So stop making it sound like these Chinese-knockoff craplets are the next big thing.  Sure people will buy them, but I’ll bet most end up gathering dust in people’s desk drawers or in landfill.  The quality of them are just so bad

It was only a few weeks ago that the iPads garnered 98% of the tablet web traffic.  That says much about what those garbage tablets are used for.

gnasher729

Here’s what the article says: “but the once-dominant iPad has been hit hard by a flood of low-cost Android options”.

Nonsense. The iPad is not “hit hard”. Apple sells tablets, Amazon sells eBook readers. What Amazon sells is good enough for someone wanting an eBook reader and nothing else, but anyone wanting to buy a tablet doesn’t even give it a look.

And there will be a lot of sad children this Christmas who get a $100 Android tablet that turns out to be not useful for anything. This will change the percentage of unit sales for the iPad, but it doesn’t take anything away from actual sales and doesn’t “hit” the iPad in any way.

wab95

“Nonsense. The iPad is not ‘hit hard’.”

Well spotted, gnasher729. I am unaware of any data suggesting a slow-down in iPad sales due to tablet sales by another manufacturer (which doesn’t mean the data don’t exist, only that I haven’t seen them).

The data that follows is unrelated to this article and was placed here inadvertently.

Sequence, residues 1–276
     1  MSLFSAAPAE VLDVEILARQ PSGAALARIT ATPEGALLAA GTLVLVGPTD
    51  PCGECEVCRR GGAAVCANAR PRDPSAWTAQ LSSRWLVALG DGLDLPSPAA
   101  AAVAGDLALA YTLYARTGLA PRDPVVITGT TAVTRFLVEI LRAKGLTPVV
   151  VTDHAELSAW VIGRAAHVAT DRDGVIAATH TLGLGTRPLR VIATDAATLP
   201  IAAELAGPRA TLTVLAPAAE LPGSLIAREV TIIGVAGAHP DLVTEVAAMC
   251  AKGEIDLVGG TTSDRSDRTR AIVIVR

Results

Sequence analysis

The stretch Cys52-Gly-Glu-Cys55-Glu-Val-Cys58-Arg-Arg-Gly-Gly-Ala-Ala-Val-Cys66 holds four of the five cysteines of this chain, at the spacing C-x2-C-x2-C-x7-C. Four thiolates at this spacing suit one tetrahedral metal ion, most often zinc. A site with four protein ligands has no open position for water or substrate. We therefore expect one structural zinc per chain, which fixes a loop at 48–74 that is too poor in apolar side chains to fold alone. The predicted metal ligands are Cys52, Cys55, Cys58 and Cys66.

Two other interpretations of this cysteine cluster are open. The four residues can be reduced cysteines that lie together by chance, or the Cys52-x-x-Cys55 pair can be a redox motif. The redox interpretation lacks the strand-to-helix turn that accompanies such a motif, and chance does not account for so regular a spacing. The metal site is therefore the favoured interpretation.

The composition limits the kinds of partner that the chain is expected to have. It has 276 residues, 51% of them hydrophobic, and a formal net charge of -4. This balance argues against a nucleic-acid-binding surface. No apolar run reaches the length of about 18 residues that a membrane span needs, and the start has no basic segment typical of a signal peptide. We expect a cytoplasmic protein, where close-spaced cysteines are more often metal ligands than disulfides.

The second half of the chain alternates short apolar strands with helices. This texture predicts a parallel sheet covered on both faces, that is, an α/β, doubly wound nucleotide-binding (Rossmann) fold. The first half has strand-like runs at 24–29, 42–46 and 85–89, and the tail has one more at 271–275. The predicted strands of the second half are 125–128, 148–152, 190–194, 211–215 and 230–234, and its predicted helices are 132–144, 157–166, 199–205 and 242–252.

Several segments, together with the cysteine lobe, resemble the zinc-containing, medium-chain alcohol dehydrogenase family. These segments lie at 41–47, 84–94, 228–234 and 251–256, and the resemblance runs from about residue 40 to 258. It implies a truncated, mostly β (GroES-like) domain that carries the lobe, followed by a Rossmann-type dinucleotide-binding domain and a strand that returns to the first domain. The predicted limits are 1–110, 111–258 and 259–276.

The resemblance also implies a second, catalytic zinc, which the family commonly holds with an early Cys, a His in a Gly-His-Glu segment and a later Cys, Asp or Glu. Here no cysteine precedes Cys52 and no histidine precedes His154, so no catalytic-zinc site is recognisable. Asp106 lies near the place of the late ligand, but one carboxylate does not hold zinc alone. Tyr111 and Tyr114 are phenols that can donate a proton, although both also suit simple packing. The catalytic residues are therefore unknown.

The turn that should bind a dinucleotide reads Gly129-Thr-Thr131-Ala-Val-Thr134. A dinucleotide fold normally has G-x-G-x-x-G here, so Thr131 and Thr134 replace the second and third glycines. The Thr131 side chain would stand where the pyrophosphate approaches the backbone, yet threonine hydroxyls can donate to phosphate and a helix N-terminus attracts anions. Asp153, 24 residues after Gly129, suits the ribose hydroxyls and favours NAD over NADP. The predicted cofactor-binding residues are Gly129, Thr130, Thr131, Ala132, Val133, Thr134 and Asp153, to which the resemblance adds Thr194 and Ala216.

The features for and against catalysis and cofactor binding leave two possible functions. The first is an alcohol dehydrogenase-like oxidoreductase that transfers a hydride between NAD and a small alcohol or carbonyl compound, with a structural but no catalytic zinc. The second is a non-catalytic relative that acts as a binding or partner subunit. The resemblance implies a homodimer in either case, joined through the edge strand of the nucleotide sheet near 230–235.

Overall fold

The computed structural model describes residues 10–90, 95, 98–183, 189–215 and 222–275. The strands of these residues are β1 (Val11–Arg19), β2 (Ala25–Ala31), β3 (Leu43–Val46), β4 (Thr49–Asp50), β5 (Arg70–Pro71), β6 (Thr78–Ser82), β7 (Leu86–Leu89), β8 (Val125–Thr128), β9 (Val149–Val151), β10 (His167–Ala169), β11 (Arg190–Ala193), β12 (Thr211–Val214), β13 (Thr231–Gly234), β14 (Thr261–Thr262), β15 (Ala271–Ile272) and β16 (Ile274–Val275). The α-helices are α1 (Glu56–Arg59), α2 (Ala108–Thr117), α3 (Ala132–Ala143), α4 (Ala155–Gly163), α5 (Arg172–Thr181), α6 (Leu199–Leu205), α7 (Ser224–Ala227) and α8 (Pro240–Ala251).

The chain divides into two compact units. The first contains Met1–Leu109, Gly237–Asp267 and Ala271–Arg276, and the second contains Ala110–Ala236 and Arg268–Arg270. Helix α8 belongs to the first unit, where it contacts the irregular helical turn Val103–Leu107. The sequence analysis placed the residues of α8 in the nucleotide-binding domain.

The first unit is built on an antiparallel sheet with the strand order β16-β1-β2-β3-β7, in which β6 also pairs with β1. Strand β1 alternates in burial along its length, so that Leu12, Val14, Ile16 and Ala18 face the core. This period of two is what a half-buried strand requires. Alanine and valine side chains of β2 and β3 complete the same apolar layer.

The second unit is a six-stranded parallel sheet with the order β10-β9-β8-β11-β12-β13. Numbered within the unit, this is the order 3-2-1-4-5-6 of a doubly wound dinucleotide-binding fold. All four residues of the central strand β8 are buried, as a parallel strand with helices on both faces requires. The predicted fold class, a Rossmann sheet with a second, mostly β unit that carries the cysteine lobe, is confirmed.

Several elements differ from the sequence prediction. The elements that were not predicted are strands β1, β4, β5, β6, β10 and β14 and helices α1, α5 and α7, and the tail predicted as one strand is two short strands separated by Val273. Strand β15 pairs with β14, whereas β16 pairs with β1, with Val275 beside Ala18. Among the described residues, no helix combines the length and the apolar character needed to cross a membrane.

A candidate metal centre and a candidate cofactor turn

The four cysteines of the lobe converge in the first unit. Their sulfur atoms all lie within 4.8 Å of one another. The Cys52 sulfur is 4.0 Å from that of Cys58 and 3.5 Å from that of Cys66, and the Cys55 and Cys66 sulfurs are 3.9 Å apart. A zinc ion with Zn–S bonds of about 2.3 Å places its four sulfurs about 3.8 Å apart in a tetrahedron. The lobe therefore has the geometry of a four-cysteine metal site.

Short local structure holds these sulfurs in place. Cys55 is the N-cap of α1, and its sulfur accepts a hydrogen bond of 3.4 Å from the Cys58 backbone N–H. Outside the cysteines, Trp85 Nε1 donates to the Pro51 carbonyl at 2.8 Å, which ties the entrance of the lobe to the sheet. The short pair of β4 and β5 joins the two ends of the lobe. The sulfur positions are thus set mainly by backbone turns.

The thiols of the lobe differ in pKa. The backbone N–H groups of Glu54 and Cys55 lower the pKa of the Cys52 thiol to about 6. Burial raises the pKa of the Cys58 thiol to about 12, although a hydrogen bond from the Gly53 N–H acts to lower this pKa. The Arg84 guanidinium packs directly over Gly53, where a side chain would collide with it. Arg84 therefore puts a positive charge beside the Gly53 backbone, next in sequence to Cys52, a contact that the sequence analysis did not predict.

Apple appear to be selling every iPad they make, with practically zero inventory at quarter’s end. The iPad does not appear to be hit hard. Rather, we see a statistical phenomenon reflecting additional entrants into the denominator, dwindling the fraction of all tablets made up by iPads; rather like saying I have 10 men in the room comprising 100% of the room’s population, now I add 10 women, and the fraction of men is 50% - the absolute number of men hasn’t changed, the denominator just increased. Likewise, an increase in denominator size is not the same thing as a decrease in iPad sales due to competitors’ sales.

As for the other tablets entering the market, I for one would welcome deeper analysis on to whom these other tablets are being sold, and how/why people are purchasing them. They don’t appear to be showing up on the internet for web browsing, appear to result in fewer app sales, and are not making the inroads into the enterprise that the iPad is.

I have suggested before that these may represent very different markets, and that we are comparing consumers who are not comparable by only looking at unit sales. This is not to say that unit sales should not be compared, they should; rather, we need to also understand the market and to whom the devices are being sold and for what purpose.